CDC Issues Warning About Drug-resistant Fungal Infection in NJ
The Centers for Disease Control and Prevention has issued a warning about a surge of drug-resistant fungal infections at medical facilities in the Garden State and across the nation.
According to Dr. Darin Wiesner, a Rutgers New Jersey Medical School professor who studies fungal disease, Candida auris, commonly known as C auris, is a type of fungus that is especially dangerous for people with weakened immune systems.
“If it’s able to penetrate your skin, which is kind of the frontline barrier, it can quickly enter the bloodstream, and once it’s entered the bloodstream it is deposited in a variety of organs, mainly the kidney,” he said.
It can be deadly
He said because C. auris is drug-resistant, it can become deadly for immunocompromised patients including the elderly and those who are seriously ill in a healthcare setting.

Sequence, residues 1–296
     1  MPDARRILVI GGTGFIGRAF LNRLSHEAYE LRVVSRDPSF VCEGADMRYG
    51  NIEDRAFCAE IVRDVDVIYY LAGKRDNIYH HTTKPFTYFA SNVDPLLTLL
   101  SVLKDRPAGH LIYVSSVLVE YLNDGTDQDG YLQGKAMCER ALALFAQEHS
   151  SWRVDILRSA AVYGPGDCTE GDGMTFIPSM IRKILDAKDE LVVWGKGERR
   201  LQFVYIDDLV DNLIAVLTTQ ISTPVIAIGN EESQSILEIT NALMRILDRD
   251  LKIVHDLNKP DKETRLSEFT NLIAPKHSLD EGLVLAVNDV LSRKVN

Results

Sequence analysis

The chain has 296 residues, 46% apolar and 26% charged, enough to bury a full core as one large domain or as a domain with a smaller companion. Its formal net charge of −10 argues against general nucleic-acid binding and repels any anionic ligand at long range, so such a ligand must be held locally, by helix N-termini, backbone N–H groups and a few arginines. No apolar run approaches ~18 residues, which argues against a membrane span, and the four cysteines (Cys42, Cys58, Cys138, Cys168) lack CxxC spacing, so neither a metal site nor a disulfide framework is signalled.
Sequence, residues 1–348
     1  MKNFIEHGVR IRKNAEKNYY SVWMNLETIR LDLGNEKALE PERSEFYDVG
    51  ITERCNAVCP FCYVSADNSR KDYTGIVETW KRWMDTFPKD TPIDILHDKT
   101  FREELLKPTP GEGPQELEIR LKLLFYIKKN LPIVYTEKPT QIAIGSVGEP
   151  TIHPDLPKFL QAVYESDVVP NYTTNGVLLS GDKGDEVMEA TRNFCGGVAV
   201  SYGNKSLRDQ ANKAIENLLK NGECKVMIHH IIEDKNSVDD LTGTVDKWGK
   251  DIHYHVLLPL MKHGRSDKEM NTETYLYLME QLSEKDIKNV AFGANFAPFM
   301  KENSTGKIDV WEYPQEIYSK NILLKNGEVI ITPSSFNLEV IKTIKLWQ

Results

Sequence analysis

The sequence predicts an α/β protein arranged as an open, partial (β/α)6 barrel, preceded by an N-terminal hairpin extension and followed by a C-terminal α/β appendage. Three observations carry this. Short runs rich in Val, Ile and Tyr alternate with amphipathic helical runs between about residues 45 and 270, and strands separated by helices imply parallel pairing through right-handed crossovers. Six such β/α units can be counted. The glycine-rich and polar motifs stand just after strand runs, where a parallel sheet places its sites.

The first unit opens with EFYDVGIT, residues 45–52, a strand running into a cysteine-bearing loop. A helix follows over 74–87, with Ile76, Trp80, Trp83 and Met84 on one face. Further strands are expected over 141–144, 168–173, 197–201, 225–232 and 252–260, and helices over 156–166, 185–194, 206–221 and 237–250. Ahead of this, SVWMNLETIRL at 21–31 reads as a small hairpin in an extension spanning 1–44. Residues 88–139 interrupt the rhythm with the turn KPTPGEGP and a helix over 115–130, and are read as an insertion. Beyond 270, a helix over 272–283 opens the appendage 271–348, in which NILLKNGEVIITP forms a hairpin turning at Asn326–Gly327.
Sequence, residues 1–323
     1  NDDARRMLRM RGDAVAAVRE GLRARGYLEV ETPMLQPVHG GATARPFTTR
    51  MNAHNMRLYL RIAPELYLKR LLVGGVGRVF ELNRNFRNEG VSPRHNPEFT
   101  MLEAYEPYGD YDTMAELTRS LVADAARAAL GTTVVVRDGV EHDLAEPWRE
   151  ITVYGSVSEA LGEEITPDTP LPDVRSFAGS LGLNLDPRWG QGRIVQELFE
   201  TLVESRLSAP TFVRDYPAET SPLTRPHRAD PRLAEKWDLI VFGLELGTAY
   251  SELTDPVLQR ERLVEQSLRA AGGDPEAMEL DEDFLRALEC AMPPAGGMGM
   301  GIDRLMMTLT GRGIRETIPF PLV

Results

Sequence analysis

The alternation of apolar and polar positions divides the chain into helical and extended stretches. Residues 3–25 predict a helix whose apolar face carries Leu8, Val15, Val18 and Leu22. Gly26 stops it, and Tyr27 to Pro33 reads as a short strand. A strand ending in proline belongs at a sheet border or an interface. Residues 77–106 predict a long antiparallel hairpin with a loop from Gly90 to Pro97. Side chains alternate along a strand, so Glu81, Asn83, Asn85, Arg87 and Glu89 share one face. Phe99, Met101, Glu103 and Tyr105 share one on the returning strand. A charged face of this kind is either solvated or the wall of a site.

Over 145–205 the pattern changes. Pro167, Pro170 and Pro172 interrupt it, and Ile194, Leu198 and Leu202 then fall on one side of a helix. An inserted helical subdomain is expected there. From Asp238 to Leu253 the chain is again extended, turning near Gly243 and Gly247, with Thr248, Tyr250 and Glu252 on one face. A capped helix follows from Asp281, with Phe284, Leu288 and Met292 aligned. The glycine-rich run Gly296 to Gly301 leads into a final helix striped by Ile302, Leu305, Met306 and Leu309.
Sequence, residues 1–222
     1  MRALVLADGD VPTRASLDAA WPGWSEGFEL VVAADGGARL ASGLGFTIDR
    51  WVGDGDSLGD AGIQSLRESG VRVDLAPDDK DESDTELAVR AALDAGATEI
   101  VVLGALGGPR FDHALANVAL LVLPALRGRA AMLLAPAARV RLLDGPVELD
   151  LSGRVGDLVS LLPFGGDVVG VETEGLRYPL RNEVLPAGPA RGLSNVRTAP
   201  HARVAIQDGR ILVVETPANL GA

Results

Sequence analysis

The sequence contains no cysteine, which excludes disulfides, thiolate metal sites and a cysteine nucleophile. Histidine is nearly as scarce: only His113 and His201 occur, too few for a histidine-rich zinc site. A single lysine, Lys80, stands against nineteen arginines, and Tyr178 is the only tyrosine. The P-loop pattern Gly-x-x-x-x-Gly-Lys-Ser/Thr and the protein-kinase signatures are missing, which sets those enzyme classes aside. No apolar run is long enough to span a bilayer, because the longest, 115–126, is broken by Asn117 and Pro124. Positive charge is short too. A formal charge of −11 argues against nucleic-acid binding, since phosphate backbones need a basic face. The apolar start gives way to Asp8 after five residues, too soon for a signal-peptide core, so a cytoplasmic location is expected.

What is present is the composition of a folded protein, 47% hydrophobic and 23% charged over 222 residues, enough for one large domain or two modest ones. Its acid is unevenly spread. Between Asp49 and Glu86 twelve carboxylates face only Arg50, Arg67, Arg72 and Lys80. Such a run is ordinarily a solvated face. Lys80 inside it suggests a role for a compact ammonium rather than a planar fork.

“Once you have an infection as much as 50% of these individuals do not respond favorably to therapy.”
He said the fungus can be spread by touch and also by someone sneezing, but it’s important to understand C. auris does not pose a danger to people with normal healthy immune systems.
The most common symptoms of a C. auris infection include fever, chills, profuse sweating and low blood pressure.
No need to panic
He said no one needs to feel panicked.
“I think it’s a good idea for the public to understand what’s going on but I don’t think there’s really a need for people to drastically alter their behaviors.”
He said good hand-washing hygiene is important in environments where individuals are immunocompromised, such as acute care facilities.
Wiesner said the fungal infection is not easily identified on the skin, and detection of C. auris usually involves a sequencing technique only done in hospitals and regional testing facilities.